- Muscle cramps: Muscle cramps are a common side effect of dialysis and can be caused by the removal of fluids and electrolytes during the procedure.
- Itching: Itching is a typical side effect of dialysis and can be triggered by waste product buildup in the bloodstream.
- Nausea and vomiting: Some people may experience nausea and vomiting during or after dialysis.
- Fatigue: Fatigue is a common side effect of dialysis and can also happen due to the strain on the body from the procedure and the loss of fluids and electrolytes.
- Headaches: Headaches can occur during or after dialysis and can also happen due to changes in fluid levels in the body.
- Infection: Dialysis can increase the risk of infection as it involves inserting a needle into the bloodstream.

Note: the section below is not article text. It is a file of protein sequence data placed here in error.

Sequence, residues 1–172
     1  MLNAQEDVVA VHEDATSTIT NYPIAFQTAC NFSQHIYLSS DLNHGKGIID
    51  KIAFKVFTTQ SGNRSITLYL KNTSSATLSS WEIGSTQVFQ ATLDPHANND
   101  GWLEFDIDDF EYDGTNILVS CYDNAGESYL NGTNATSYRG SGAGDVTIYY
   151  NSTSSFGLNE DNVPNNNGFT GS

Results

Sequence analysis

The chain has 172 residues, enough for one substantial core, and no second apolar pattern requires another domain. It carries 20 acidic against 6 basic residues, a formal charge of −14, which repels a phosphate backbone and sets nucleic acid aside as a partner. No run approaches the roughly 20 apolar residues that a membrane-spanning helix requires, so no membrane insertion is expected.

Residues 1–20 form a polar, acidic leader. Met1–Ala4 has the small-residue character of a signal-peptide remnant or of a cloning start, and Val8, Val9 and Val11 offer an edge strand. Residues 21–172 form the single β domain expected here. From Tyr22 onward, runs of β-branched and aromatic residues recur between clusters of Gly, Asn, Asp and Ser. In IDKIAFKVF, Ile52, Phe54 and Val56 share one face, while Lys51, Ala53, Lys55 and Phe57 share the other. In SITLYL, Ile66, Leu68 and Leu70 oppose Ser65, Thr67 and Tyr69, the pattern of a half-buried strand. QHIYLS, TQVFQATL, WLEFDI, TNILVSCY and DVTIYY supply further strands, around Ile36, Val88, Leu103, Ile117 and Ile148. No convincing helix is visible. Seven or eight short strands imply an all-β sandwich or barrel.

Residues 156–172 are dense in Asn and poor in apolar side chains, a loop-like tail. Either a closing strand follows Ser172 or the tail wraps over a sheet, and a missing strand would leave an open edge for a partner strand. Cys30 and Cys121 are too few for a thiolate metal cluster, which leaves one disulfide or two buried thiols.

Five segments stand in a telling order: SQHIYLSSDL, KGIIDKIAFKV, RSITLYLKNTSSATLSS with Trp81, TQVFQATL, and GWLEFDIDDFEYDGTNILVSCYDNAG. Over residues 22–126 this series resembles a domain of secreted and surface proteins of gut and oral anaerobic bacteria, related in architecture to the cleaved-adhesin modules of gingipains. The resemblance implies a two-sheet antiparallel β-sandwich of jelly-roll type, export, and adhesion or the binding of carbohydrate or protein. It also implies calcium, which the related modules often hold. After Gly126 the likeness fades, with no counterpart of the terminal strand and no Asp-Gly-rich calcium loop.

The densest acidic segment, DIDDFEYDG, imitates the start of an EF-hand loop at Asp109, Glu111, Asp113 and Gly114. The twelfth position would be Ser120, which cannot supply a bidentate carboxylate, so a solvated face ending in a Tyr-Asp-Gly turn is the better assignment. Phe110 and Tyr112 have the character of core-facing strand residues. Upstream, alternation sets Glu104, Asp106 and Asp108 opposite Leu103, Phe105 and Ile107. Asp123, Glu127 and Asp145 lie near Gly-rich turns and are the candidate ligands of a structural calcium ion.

- Anemia: Dialysis can cause anemia, which is a shortage of red blood cells, by removing red blood cells along with waste products from the bloodstream
Precautions for dialysis
- Keep Your Access Site Clean: Dialysis access sites are common in the arm, leg, or neck and can become infected if not properly cared for. Keep your access site clean and dry to limit the chance of infection. Avoid using harsh cleansers, lotions, or ointments near the locations.
- Drink Plenty of Fluids: Dialysis can help your body remove excess fluid and can dehydrate you. It is essential to consume enough fluids before and after dialysis sessions to avoid dehydration. Avoid drinking fluids high in sodium or potassium, such as sports drinks.